Discovering Prague’s Castle Complex
Photo: © TomasSereda/iStock/Thinkstock
From stunning palaces to winding gardens, ancient cathedrals and impressive art galleries, here’s what to look out for in the Prague Castle Complex.
Considered the largest ancient castle in the world, the Prague Castle Complex today represents a variety of historical and cultural sites and buildings including towering cathedrals, royal palaces, art galleries, and some of the prettiest gardens we’ve ever seen. Built on a hilltop, this vast fortress was established by Prince Bořivoj around 800 AD, and has since then housed a long line of kings and queens. With such a rich and colourful history, it should come as no surprise that UNESCO has awarded the capital’s most popular attraction World Heritage status. With so much ground to cover, we figured that this simple guide might come in handy should you choose to ever visit.
Old Royal Palace
Take in the entire view – the towers, the spires, the scenery; snap a mental image before you enter and you’re suddenly filled with anticipation of what comes next. The Old Royal Palace was first founded back in the 9th century, and has since been remodelled and reconstructed extensively, including an 80-year period of abandonment. Today, the Old Royal Palace is the centrepiece of the Prague Castle Complex, with its impressive Vladislav Hall known for its high vaulted gothic ceilings and early Renaissance stained-glass windows. Considered an important State building for centuries, today presidential elections for the Czech Republic are carried out here.
St Vitus Cathedral
How does it feel to look at Prague’s most significant temple? A visit to St Vitus Cathedral will answer that. Not only celebrated for its long history of coronations, this cathedral is also known for housing the tomb of St Wenceslas, known as the good duke of Bohemia. Expect a patchwork of artistic and architectural styles within the building, with the first stone being laid in the 14th century, and final works carried out in 1929. Keep an eye out for the temple’s ornate bronze doors, the stunning frescos, and the ornate stained glass windows.
Prague Castle Picture Gallery
Venture along to the secluded confines of the castle’s secondary courtyard and discover centuries of fine art housed within the Prague Castle Picture Gallery. From Titian to Rubens, and a large number of Czech painters, this impressive collection once formed part of the private collection of Holy Roman Emperor Rudolph II.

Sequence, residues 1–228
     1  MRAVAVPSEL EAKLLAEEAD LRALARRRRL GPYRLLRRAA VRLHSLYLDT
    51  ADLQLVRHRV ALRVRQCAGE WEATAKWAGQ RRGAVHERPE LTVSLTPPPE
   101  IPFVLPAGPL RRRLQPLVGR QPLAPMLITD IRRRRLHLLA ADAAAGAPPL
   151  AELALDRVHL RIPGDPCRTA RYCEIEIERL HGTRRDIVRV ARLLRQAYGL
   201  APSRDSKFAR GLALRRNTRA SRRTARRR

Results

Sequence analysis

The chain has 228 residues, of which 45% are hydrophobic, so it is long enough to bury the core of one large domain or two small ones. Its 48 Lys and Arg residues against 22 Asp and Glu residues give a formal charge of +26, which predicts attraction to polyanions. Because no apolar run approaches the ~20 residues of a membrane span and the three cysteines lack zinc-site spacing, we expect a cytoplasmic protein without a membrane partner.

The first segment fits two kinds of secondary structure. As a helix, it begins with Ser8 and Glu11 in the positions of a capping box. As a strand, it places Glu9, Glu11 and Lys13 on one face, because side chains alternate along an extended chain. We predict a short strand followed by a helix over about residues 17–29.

After a morning of intense culture, a leisurely stroll along the majestic royal gardens might sound just about right. The perfectly landscaped lawns are reminiscent of Renaissance serenity, and feature a number of quiet places to sit down, relax, and soak up the scenery. Plan a stop at the Italianate Summer Palace, which was built for Queen Anne by her husband Ferdinand I and today houses various creative and artistic events and exhibitions.
Running along the northern walls of the castle, the Golden Lane is a quaint alley dotted with colourful cottages and cobbled pavements, allowing visitors to walk along old Prague. Built in the 16th century with the intention of housing the servants working at the neighbouring castle, the old city became increasingly popular amongst Prague’s artists and literary folk during the 20th century, including the little blue cottage number 22 home to world famous Franz Kafka.
Once the home of an aristocratic dynasty before being seized by the Nazi army, the Lobkowicz Palace is the only private property within the Prague Castle Complex. Today, the building exhibits an unorthodox selection of fine art, religious objects and furniture, as well as an enormous library. There are free classical music concerts held daily, which are generally hosted in the elaborate 17th century baroque concert hall.